Peak behind the scenes of 'The Hobbit' with these iconic film tours.
If you’ve ever wondered what Middle‑earth™ would be like if it were real, this is as close as you’ll get to finding out. With these 'The Hobbit' trilogy film tours, you’ll stroll down Bagshot Row; see the artistry and craftsmanship behind the sets, costumes, and special effects; and take in the stunning landscapes that inspired the films.
Visit Hobbiton™ Movie Set(opens in new window) for a guided tour of The Shire. The former film set, which comprises 44 hobbit holes, a millhouse, and a Green Dragon Inn, was originally used for external shots. But since filming wrapped, the attraction’s owners have renovated the interiors of the Green Dragon Inn and two hobbit holes on Bagshot Row, with the help of designers and illustrators who worked on the films. You can now stop in at the Green Dragon Inn for a Hobbit™ Southfarthing™ beverage and even explore inside a hobbit hole to find hidden Easter eggs. It's up to you to imagine the rest: there are no people dressed as hobbits, waving and smiling Disney-style, here (unless you count the occasional visitor).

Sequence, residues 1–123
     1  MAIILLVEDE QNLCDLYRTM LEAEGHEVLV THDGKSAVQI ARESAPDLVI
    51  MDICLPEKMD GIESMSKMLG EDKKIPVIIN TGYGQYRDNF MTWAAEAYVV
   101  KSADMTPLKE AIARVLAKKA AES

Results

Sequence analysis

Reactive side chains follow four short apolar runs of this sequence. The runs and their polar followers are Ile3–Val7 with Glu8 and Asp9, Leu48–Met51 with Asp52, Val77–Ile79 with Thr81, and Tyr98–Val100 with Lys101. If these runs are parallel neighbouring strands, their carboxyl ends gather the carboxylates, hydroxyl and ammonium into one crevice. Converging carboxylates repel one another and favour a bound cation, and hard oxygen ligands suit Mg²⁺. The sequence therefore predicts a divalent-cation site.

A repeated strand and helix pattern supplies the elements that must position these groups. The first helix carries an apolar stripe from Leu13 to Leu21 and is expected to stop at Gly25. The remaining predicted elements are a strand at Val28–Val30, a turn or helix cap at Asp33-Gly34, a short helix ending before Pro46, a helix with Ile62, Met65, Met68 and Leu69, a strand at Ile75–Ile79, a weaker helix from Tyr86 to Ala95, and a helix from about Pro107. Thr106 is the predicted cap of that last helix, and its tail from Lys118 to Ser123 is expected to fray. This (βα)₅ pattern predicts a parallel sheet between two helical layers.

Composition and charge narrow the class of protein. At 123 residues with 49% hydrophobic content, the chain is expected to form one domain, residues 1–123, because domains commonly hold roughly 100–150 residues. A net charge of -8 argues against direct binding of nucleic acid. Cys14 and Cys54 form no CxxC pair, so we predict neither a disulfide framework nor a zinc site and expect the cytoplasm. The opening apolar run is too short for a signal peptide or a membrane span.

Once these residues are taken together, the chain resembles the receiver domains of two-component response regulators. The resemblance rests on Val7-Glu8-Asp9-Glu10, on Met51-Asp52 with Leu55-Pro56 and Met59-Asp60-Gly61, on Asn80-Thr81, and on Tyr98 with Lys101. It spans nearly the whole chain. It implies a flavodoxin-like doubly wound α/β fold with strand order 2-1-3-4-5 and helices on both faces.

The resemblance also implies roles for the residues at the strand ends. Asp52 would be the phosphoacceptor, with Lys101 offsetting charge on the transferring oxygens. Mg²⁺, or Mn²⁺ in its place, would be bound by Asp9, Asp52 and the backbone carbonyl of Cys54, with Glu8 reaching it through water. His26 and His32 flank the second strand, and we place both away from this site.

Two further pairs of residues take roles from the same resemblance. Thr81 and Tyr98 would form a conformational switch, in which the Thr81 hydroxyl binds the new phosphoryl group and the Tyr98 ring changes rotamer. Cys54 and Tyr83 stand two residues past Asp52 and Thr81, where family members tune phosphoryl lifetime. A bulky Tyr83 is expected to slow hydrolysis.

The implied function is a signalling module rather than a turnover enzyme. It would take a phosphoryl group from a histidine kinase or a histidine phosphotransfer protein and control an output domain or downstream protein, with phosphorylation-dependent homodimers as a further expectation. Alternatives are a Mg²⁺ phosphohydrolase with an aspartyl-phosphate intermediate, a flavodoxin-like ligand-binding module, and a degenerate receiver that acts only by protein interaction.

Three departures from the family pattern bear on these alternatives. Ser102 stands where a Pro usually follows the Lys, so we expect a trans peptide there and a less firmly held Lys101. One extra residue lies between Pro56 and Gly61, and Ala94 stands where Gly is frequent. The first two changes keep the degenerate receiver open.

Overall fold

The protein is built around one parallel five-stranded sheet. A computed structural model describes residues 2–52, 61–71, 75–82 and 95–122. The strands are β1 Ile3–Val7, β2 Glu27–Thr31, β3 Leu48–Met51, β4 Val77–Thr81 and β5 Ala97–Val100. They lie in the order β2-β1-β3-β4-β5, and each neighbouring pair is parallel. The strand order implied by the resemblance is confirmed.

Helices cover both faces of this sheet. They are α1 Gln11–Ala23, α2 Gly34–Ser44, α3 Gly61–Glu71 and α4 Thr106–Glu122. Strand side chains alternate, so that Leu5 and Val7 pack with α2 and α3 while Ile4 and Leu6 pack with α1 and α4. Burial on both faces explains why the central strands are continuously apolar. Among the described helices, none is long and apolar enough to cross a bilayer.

The opportunity to venture inside the hobbit holes is the latest addition to the movie set, where previously you could only have photos taken outside the iconic round front door. Now you can put yourself right in the movie set with the copper bath, dining room and fireside settings straight out of The Shire.
Head to the Wētā Workshop(opens in new window) (Wellington) or Wētā Unleashed(opens in new window) (Auckland) for a look at how the films were made. For attractions that began out of necessity (fans would arrive uninvited to the Wētā Workshop special effects studio and ask to see props and costumes), these tours have grown quickly to become a global phenomenon, ranked alongside Warner Bros tours. With a Wētā Workshop tour you'll catch a glimpse inside the studio to see props being made for upcoming films. For Wētā Unleashed, expect some light humour – mostly from ‘Jeff’, an orc-like animatronic that took 60 people almost a year to build but, going by appearances, a lot less time to script for jokes.